Inside 'Deadliest Catch'

Film Crew

Cameraman Marc Carter braves the conditions for the right shot.
Cameraman Marc Carter braves the conditions for the right shot.
Discovery Channel

Pulling off a show like "Deadliest Catch" is no pleasure cruise. The entire film crew usually arrives about a week before fishing season begins, most times even beating the boats to Dutch Harbor. During this time, the camera crew does any lead prep that it can -- checking and rigging cameras, taking inventory of tape stock and making sure everyone is up to speed on safety training and gear. The boats have at least four remote cameras attached to various parts of the vessel, so when they arrive, it's a mad scramble to get onboard and start rigging. Each two-man camera/producer team is responsible for its own footage, so a friendly competition has evolved around who can dream up the most extreme camera rig and snag the best shots.

Contrary to what some viewers think, the camera crew doesn't jump into in a water taxi at the end of every day and get shuttled back to a warm hotel room. The camera crew lives on the boat for the entire crab run, usually from three to five weeks. Quarters on these boats are tight, so the captains don't allow more than two film crew members onboard. Because of this, there's no soundman -- meaning all audio is captured with camera microphonesand small mics attached to each deckhand. There are also boats and helicopters that capture footage outside of the fishing boats.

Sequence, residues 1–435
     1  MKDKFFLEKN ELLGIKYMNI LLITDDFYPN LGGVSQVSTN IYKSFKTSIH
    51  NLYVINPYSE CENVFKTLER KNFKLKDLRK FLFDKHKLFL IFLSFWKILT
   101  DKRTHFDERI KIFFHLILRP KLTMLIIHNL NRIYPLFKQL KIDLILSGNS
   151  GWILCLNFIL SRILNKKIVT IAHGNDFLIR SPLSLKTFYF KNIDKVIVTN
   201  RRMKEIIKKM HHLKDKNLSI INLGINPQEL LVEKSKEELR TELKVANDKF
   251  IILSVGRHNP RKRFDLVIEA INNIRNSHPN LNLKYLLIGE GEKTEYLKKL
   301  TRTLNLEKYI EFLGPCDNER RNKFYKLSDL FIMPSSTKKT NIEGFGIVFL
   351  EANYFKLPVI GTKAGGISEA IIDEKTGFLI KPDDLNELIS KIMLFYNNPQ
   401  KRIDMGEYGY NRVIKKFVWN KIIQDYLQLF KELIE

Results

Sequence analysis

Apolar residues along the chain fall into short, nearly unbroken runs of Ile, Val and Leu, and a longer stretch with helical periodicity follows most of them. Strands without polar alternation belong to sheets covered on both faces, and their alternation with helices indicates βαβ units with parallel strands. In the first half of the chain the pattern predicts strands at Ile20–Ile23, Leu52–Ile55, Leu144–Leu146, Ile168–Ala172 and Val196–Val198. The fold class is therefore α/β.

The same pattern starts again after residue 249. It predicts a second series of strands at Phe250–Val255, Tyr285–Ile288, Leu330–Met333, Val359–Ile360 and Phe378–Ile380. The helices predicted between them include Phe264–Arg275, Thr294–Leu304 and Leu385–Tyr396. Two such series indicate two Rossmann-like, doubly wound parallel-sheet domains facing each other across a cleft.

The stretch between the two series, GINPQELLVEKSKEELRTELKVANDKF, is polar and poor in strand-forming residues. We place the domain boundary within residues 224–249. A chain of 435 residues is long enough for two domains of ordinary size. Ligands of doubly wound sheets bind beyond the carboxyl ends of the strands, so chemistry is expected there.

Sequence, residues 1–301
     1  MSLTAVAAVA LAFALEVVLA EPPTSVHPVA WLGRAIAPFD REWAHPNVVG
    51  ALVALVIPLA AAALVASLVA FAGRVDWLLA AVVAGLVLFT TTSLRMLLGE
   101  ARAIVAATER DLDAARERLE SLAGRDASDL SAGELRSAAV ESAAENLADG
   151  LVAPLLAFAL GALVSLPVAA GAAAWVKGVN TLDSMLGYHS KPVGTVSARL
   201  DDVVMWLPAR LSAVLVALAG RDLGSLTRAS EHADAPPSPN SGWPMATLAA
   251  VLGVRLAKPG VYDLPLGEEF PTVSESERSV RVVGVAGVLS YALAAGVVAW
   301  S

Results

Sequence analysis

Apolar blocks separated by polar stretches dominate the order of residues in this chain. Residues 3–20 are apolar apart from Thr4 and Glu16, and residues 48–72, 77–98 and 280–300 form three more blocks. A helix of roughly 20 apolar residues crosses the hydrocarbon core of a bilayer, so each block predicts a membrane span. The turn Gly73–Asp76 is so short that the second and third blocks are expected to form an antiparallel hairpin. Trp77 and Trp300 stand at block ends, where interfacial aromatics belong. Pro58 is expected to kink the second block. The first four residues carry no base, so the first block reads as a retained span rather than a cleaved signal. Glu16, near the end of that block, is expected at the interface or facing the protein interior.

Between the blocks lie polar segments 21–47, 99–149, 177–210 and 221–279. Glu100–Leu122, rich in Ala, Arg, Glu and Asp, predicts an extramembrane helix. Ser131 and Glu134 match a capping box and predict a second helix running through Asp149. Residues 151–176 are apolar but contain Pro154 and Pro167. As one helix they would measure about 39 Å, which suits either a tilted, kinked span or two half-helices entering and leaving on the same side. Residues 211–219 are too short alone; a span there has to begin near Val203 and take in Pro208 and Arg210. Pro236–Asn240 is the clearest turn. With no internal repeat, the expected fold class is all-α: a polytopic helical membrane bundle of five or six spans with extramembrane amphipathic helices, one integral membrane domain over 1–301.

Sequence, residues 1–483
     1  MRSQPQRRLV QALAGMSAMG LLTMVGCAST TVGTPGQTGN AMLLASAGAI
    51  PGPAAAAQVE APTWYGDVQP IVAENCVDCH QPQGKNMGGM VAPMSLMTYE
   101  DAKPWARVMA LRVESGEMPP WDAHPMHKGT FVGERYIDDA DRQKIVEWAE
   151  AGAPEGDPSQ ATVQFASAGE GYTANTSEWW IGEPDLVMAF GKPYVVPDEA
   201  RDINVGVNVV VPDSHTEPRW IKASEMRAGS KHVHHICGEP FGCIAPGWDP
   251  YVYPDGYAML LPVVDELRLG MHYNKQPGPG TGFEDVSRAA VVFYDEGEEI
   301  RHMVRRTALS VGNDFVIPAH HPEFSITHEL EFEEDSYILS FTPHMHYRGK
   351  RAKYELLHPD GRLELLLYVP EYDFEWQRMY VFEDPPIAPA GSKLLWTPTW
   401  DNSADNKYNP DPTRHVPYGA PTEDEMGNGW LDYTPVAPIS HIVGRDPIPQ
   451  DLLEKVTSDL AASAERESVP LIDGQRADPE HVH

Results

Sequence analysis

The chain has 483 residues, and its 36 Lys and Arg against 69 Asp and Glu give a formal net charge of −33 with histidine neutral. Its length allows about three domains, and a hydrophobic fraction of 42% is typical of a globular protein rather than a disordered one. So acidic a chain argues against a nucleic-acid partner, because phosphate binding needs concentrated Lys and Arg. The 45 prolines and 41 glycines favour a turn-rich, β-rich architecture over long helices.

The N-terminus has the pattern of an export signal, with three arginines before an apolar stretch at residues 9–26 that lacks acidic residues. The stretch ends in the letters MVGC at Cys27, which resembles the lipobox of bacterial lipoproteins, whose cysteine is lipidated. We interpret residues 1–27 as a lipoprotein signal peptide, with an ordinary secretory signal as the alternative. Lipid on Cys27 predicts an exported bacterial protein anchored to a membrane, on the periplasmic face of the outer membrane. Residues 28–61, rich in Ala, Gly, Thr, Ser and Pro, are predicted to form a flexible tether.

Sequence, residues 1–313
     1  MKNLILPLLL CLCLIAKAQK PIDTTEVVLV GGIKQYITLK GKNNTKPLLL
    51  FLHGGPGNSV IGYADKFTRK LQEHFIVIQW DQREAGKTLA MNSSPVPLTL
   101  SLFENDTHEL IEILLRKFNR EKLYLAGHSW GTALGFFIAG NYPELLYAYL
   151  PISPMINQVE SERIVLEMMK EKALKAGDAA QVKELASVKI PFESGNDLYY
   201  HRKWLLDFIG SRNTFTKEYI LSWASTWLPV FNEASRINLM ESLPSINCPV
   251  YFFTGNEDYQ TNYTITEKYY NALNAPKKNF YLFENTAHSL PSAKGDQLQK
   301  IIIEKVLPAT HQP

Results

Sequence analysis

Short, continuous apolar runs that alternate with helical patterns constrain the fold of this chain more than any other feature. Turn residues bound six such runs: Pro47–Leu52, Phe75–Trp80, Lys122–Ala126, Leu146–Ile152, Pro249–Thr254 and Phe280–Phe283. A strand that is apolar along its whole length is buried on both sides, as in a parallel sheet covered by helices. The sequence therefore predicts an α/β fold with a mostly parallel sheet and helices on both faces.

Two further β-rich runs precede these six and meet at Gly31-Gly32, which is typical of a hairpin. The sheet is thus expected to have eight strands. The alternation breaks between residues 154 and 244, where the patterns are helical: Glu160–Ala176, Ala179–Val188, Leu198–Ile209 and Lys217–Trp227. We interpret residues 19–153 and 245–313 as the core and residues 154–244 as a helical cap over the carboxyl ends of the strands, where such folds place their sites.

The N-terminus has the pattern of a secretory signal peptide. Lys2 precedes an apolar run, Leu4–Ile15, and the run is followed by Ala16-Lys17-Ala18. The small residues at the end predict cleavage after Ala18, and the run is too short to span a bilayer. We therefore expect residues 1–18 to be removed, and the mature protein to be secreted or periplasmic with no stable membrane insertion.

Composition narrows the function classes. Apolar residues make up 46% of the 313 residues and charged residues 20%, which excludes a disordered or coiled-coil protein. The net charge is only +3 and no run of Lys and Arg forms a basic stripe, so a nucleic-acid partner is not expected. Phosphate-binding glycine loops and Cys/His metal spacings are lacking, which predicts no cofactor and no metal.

Aside from being skilled cameramen, the crew for "Deadliest Catch" must also be tough as nails, personable enough to get along with the boat crew and able to repair camera gear on the fly. One adventurous cameraman even stepped up and filled in as a deckhand after a greenhorn quit working. The show uses about 50 Sony HDV cameras per season, and most of these are lost or inoperable by the end of the run. Saltwater and ice are not good for high-definition cameras and tiny viewing screens. Only cameras with LCD viewing screens are used because of safety issues -- it's tough to stay aware of your surroundings if you're constantly looking through a small viewfinder.

The camera teams weatherproof the cameras as best as they can, but refrain from using underwater camera housings because of the weight and bulk they bring. Camera teams report back to headquarters at Dutch Harbor each day by satellite phone. The show's producers keep track of storylines and suggest footage ideas that help flesh out the stories. If a greenhorn on the Time Bandit is floundering and another on the Northwestern is doing great, the producers have a storyline. The land crew also helps to organize the footage for the exhausted camera team who often don't even know what day it is, much less what they've been shooting.

One thing that sets "Deadliest Catch" apart from other reality TV shows is that the camera teams get interviews and reactions in the moment. Most reality shows tape interviews after the show has finished principal photography. The show's producers believe that this brings immediacy and a genuine reality that's missing from most other shows in the genre.

There's nothing you can do; that camera is toast. So bury it at sea and click forward to read more about the show's production and how much money these fearless seamen reel in.